"Taking liberties with the texts for the mere sake of brevity, and substituting some modern parallel when a literal rendering of the original makes good sense, has been avoided. Uniformity of rendering has been maintained by assigning one meaning to each major word and by holding to that meaning as far as the context permits. At times this has imposed a restriction upon word choice, but it aids in cross-reference work and in comparing related texts."

"Special care was taken in translating Hebrew and Greek verbs in order to capture the simplicity, warmth, character and forcefulness of the original expressions. An effort was made to preserve the flavor of the ancient Hebrew and Greek times, the people’s way of thinking, reasoning and talking, their social dealings, etc."

"Note that some original-language words have been carried over into English, for example, “Sheol,” “Hades,” “Gehenna,” “Amen,” “manna” and “Messiah.”"

"The New World Translation makes every effort to be consistent in its renderings. For a given Hebrew or Greek word, there has been assigned one English word, and this has been used as uniformly as the idiom or context permits in giving the full English understanding. For example, the Hebrew word ne′phesh is consistently translated “soul.” The corresponding Greek word, psy·khe′, is translated “soul” in every occurrence."

"The New World Translation gives special attention to conveying the sense of the action of the Greek and Hebrew verbs. In doing so, the New World Translation endeavors to preserve the special charm, simplicity, forcefulness, and manner of expression of the original-language writings. It has thus been necessary to use auxiliary verbs in English to convey carefully the actual states of the actions. Because of the power of their verbs, the original Scriptures are so dynamic and so expressive of action."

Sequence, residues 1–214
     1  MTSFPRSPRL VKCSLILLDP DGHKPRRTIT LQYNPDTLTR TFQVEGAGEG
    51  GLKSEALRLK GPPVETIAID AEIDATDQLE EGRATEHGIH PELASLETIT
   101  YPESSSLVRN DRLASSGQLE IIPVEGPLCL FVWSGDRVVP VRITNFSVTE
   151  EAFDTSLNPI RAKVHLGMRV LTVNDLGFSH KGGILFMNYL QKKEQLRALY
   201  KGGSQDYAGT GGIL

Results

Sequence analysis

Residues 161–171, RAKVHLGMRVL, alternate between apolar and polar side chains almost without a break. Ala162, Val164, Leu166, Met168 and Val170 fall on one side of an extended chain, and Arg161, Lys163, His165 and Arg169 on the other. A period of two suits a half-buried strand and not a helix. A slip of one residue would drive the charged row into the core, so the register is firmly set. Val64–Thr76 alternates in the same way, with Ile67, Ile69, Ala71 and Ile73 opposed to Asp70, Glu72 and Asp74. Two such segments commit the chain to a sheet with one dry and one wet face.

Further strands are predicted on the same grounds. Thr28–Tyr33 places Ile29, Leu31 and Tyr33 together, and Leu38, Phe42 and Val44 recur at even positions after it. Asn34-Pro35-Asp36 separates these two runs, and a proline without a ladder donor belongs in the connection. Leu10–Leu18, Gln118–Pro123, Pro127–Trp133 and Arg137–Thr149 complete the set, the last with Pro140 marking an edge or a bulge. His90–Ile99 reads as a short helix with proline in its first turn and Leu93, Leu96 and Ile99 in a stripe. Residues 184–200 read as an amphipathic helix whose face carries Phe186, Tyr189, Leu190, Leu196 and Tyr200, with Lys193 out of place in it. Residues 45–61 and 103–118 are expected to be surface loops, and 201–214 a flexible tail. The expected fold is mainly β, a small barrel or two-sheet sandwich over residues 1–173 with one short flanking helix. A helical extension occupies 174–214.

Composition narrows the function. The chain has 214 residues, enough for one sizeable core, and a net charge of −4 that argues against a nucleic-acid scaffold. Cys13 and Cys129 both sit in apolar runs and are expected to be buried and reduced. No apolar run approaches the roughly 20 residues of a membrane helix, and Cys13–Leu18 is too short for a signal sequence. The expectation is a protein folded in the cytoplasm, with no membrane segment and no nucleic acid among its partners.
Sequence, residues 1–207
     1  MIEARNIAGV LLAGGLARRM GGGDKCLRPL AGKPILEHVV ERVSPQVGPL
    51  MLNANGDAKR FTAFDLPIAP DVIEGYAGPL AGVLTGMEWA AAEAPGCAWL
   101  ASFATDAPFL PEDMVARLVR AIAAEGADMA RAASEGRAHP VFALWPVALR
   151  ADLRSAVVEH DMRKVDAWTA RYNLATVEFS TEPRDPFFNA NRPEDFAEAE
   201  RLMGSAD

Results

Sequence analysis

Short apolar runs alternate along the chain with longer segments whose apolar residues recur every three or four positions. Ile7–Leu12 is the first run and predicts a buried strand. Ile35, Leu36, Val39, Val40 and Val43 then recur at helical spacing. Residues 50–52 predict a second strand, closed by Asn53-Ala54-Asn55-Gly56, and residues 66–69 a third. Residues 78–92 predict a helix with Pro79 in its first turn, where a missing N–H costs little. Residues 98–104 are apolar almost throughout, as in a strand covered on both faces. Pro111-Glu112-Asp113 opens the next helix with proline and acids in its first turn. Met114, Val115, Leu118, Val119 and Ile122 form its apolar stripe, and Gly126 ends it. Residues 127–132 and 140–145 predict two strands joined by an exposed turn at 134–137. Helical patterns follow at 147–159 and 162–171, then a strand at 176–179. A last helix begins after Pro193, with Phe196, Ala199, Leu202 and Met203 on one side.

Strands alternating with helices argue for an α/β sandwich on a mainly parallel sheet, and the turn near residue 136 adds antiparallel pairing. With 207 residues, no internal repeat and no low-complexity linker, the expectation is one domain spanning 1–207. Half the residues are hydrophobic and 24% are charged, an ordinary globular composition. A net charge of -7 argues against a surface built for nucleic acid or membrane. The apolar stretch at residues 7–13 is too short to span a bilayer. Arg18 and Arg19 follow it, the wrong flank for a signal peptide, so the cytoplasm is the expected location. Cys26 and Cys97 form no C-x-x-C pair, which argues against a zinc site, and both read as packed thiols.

"Appendix 1D - The Divine Name in the Christian Greek Scriptures" explains the basis for using the devine name "Jehovah" in the new testament. Here follows an excerpt:

"To know where the divine name was replaced by the Greek words Κύριος and Θεός, we have determined where the inspired Christian writers have quoted verses, passages and expressions from the Hebrew Scriptures and then we have referred back to the Hebrew text to ascertain whether the divine name appears there. In this way we determined the identity to give Ky′ri·os and The·os′ and the personality with which to clothe them. To avoid overstepping the bounds of a translator into the field of exegesis, we have been most cautious about rendering the divine name in the Christian Greek Scriptures, always carefully considering the Hebrew Scriptures as a background. We have looked for agreement from the Hebrew versions to confirm our rendering."

From "Study 8, Advantages of the New World Translation" in the publication “All Scripture Is Inspired of God and Beneficial”:

"As to this feature of uniformity, note what Hebrew and Greek commentator Alexander Thomson had to say in his review on the New World Translation of the Christian Greek Scriptures: “The translation is evidently the work of skilled and clever scholars, who have sought to bring out as much of the true sense of the Greek text as the English language is capable of expressing. The version aims to keep to one English meaning for each major Greek word, and to be as literal as possible. . . . The word usually rendered ‘justify’ is generally translated very correctly as ‘declare righteous.’ . . . The word for the Cross is rendered ‘torture stake’ which is another improvement. . . . Luke 23:43 is well rendered, ‘Truly I tell you today, You will be with me in Paradise.’ This is a big improvement upon the reading of most versions.” On the translation of the Hebrew Scriptures, the same reviewer made this comment: “The New World Version is well worth acquiring. It is lively and lifelike, and makes the reader think and study. It is not the work of Higher Critics, but of scholars who honour God and His Word.”—The Differentiator, April 1952, pages 52-7, and June 1954, page 136."